Former president Jacob Zuma’s leave to appeal a recent judgement ordering he return to prison will be heard on Tuesday morning, his legal team confirmed on Twitter on Saturday.
“Judge [Elias] Matojane has indicated his intention to hear the application for leave to appeal on Tuesday 21 December at 10h00.
“Despite serious issues with the availability of President Zuma’s legal team, however in the interests of the country all efforts have been made to honour the date proposed by the Judge,” the JG Zuma Foundation tweeted.
On Wednesday morning, the Pretoria High Court ruled that former national commissioner of correctional services Arthur Fraser’s decision to place Zuma on medical parole in September was unlawful, and set the decision aside.
Shortly after the high court’s decision, Zuma’s legal team delivered his application for leave to appeal the judgement, saying the former president wanted to appeal the ruling at the Supreme Court of Appeal in Bloemfontein.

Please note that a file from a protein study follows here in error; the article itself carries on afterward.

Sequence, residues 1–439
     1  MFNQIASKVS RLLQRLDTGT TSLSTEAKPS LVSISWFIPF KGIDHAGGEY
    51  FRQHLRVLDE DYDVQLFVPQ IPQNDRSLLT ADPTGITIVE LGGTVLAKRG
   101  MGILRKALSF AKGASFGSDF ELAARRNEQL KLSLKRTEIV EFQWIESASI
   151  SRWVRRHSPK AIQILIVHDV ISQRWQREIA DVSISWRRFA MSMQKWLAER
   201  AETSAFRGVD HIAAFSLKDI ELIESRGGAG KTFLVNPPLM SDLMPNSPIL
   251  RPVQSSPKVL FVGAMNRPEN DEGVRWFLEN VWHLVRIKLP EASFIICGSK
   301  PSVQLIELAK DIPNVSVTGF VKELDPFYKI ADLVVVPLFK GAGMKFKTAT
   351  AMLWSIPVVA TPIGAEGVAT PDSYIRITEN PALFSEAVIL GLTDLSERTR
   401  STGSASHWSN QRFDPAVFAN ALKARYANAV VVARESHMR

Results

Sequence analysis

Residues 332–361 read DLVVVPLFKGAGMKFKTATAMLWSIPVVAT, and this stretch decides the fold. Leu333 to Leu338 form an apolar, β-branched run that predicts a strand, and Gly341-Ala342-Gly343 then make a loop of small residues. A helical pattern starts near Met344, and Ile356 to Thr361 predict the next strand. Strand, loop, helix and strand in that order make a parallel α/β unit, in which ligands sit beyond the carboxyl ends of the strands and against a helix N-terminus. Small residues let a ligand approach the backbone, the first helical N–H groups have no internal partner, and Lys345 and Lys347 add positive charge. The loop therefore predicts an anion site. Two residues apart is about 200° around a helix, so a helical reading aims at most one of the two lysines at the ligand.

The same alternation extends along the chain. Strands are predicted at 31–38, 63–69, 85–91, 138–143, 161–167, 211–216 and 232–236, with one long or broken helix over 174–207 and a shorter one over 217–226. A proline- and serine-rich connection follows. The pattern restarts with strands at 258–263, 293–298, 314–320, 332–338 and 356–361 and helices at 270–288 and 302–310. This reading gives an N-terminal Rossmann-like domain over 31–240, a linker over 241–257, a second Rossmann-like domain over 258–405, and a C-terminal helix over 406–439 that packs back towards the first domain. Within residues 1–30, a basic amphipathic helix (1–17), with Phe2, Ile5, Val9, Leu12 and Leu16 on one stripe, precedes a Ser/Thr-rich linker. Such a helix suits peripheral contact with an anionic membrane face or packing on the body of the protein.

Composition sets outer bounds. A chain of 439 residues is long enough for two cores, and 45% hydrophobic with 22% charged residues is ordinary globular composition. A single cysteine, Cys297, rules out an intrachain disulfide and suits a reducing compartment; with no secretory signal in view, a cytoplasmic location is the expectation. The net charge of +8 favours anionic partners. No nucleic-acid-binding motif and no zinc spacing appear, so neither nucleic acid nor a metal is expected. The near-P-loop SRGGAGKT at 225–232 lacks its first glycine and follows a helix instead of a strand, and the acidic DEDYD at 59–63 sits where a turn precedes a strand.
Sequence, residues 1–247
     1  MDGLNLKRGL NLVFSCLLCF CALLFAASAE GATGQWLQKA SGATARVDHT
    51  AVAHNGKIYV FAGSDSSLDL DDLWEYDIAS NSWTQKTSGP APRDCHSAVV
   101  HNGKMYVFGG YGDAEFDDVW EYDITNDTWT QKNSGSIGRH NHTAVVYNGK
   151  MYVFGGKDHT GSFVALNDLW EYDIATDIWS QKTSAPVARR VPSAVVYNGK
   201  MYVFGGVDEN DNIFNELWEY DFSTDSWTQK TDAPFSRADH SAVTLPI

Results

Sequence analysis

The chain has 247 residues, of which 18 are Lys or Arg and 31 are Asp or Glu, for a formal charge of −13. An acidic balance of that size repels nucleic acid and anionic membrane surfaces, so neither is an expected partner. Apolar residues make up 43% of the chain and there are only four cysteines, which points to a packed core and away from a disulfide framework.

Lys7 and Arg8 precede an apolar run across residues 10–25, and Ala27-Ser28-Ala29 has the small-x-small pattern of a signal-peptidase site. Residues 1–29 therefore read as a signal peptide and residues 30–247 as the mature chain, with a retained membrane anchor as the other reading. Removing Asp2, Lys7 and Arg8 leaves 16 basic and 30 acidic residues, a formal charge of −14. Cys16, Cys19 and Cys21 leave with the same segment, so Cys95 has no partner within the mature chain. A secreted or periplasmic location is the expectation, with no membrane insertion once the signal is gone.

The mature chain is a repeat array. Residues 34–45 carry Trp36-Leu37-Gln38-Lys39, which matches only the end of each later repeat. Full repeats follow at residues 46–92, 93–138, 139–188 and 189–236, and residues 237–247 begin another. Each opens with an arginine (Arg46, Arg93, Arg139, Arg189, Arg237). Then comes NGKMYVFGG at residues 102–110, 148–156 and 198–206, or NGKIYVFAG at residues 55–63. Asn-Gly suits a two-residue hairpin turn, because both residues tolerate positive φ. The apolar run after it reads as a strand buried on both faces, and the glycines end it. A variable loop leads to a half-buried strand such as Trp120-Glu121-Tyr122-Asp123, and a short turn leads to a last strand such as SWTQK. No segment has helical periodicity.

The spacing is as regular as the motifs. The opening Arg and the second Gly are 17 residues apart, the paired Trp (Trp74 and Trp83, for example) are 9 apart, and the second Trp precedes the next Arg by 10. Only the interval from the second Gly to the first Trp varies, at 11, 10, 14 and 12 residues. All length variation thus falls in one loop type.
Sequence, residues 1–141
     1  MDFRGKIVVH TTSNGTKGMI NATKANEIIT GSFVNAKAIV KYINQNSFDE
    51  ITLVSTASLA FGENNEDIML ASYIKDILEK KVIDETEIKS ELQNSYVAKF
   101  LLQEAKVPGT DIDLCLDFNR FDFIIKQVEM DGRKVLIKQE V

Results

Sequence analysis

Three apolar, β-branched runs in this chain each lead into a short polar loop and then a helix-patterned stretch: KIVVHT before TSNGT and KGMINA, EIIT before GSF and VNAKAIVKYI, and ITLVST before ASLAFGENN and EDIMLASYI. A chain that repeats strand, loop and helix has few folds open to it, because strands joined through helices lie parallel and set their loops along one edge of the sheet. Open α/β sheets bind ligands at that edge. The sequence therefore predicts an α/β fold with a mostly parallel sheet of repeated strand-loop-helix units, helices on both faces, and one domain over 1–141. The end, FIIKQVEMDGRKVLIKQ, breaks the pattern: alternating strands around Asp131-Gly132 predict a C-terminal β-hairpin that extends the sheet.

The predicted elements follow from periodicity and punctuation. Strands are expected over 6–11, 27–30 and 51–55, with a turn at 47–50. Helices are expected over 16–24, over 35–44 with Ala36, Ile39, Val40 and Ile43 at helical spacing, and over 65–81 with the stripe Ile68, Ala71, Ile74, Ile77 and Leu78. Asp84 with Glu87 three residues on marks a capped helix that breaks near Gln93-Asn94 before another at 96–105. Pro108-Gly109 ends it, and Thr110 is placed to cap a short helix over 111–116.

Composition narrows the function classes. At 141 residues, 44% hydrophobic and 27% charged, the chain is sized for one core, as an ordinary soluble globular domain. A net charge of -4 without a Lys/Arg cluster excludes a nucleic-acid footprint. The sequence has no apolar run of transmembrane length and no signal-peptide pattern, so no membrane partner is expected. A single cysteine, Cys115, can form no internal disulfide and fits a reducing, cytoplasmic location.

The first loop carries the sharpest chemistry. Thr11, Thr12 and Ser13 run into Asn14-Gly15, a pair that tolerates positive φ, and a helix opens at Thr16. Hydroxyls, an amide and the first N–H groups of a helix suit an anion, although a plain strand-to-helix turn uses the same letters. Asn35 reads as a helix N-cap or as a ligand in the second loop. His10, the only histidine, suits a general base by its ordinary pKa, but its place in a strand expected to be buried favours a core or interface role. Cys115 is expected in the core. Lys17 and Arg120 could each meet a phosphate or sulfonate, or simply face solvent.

The foundation said Zuma was appealing the ruling “on the grounds that the judgment is clearly wrong and there are strong prospects that a higher court will come to a totally different conclusion”.
The high court order meant Zuma would have to return to jail to serve the remainder of his 15-month sentence imposed by the Constitutional Court earlier this year, after refusing to obey court orders to appear before the Commission of Inquiry into Allegations of State Capture.
The months Zuma has been spending at his home will not form part of his sentence.
The DA, Helen Suzman Foundation and AfriForum earlier this year lodged an application to review Zuma’s medical parole, after Fraser admitted he overrode the Medical Parole Advisory Board’s decision not to release Zuma from prison.
SAHRC calls for calm
After Wednesday’s ruling, the South African Human Rights Commission (SAHRC) called for calm.
The July unrest, which saw more than 330 people lose their lives, was ostensibly triggered by Zuma’s incarceration.
The SAHRC said the countless social media posts of disgruntled pro-duma supporters’ disdain for the ruling, there were concerns the ruling would trigger another bout of unrest.
The commission, which conducted public hearings into the July riots, “would like to remind the South African public that the former president, like any other citizen, has the right to take the recent decision of the high court on appeal or review for different sets of judges to look at and pronounce on the soundness and validity thereof”.
Compiled by Nica Richards. Additional reporting by Thapelo Lekabe